Mandatory reporters: What happens after I make a report?
Last published 10 Oct 2017
When the Department of Communities and Justice (DCJ) receives your report, we are required by law to make an assessment and determine whether the child or young person is actually at risk of significant harm.
The information you provide in a report will inform what further action is needed. Other considerations include the child or family history held by DCJ.
Talking to the child, their family and others
We assess all reports to determine the most appropriate action to ensure the safety, welfare and wellbeing of the child or young person. This might involve talking to the child or young person, their family or other important people in their life (such as relatives, teachers or child carers), or talking to people who work with the child or young person,or their family (such as counsellors, health professionals or family support workers).
Not all reports are investigated
Not all reports will lead to further assessment or investigation. This may be because there is insufficient information or reason to believe that the child or young person is at risk of significant harm. As a reporter, you will be informed about the type of action that will be taken, based on your report.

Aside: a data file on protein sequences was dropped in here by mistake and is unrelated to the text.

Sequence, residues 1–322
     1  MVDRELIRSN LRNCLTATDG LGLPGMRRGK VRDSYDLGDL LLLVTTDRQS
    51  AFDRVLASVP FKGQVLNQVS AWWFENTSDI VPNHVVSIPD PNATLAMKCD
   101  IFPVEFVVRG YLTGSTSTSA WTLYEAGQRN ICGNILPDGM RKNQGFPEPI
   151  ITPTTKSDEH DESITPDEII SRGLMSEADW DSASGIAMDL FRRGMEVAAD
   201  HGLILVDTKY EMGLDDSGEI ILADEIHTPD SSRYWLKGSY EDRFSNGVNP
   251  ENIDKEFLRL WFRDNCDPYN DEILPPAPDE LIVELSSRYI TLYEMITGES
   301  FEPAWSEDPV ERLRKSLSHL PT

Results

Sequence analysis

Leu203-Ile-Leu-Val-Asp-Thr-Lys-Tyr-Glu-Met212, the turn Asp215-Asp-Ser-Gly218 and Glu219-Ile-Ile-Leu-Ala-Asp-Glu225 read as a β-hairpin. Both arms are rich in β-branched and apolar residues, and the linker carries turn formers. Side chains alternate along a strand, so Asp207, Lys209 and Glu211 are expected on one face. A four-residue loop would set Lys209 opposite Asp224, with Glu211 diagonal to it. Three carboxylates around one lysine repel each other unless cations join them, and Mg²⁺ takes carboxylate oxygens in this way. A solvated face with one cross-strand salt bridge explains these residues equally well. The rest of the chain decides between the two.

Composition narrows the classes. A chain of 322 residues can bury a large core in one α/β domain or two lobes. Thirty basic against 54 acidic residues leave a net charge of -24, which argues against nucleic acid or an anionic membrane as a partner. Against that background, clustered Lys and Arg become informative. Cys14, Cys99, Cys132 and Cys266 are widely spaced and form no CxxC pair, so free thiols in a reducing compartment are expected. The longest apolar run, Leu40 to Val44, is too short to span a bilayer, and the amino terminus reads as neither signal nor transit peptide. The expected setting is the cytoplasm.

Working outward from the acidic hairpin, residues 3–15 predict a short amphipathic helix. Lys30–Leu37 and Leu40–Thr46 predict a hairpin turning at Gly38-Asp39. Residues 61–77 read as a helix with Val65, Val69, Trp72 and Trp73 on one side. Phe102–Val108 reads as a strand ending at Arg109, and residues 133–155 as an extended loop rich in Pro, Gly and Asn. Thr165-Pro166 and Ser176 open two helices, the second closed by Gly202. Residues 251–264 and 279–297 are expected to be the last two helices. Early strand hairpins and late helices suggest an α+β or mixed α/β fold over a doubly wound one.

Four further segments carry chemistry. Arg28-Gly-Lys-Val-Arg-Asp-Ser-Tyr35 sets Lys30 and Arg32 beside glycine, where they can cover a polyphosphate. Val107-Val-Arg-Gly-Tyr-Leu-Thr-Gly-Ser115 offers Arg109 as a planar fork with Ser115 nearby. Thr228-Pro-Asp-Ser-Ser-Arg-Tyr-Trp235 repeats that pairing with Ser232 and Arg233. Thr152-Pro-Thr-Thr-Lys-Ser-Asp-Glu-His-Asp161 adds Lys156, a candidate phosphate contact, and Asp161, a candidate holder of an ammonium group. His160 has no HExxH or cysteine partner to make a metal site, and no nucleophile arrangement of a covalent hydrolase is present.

Reports made to the Child Protection Helpline are confidential and the reporter’s identity is generally protected by law. The law offers the following protections to a person who makes a report in good faith:
- making the report will not breach professional etiquette or ethics or amount to professional misconduct
- the reporter will not be liable for defamation
- the reporter is protected from civil and criminal liability
- the reporter is protected against retribution for making, or proposing to make, a report.
- except in specific, limited circumstances, the report, or its contents, is not admissible in any proceedings
- a person cannot be compelled by a court to provide the report or disclose or give evidence of any of its contents
- there is an overriding public interest against disclosure of a report t under the Government Information (Public Access) Act 2009.
However, current legislation allows NSW Police access to the identity of the reporter, if this is needed in connection with the investigation of a serious offence against a child or young person. The request must come from a senior law enforcement officer and the reporter must be informed that their identity is to be released – unless informing them of the disclosure will prejudice the investigation.
Feedback on your report
The Child Protection Helpline will inform you in writing whether the report you made meets the threshold of significant harm or not.